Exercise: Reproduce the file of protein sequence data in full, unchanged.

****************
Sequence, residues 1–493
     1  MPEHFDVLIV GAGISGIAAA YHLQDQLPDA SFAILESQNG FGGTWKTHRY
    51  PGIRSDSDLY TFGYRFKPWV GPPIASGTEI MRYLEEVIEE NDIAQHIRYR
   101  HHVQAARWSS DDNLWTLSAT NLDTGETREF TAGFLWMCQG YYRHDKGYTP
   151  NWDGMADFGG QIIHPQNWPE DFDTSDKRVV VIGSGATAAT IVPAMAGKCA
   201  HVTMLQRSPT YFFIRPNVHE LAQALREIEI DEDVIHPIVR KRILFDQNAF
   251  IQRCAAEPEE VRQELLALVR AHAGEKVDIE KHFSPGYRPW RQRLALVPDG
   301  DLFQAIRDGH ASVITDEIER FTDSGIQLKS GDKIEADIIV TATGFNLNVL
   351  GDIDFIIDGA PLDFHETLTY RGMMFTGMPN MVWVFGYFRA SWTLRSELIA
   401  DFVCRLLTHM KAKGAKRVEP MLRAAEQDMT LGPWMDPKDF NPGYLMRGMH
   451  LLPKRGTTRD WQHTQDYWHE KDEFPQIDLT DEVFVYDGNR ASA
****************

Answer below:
Sequence, residues 1–493
     1  MPEHFDVLIV GAGISGIAAA YHLQDQLPDA SFAILESQNG FGGTWKTHRY
    51  PGIRSDSDLY TFGYRFKPWV GPPIASGTEI MRYLEEVIEE NDIAQHIRYR
   101  HHVQAARWSS DDNLWTLSAT NLDTGETREF TAGFLWMCQG YYRHDKGYTP
   151  NWDGMADFGG QIIHPQNWPE DFDTSDKRVV VIGSGATAAT IVPAMAGKCA
   201  HVTMLQRSPT YFFIRPNVHE LAQALREIEI DEDVIHPIVR KRILFDQNAF
   251  IQRCAAEPEE VRQELLALVR AHAGEKVDIE KHFSPGYRPW RQRLALVPDG
   301  DLFQAIRDGH ASVITDEIER FTDSGIQLKS GDKIEADIIV TATGFNLNVL
   351  GDIDFIIDGA PLDFHETLTY RGMMFTGMPN MVWVFGYFRA SWTLRSELIA
   401  DFVCRLLTHM KAKGAKRVEP MLRAAEQDMT LGPWMDPKDF NPGYLMRGMH
   451  LLPKRGTTRD WQHTQDYWHE KDEFPQIDLT DEVFVYDGNR ASA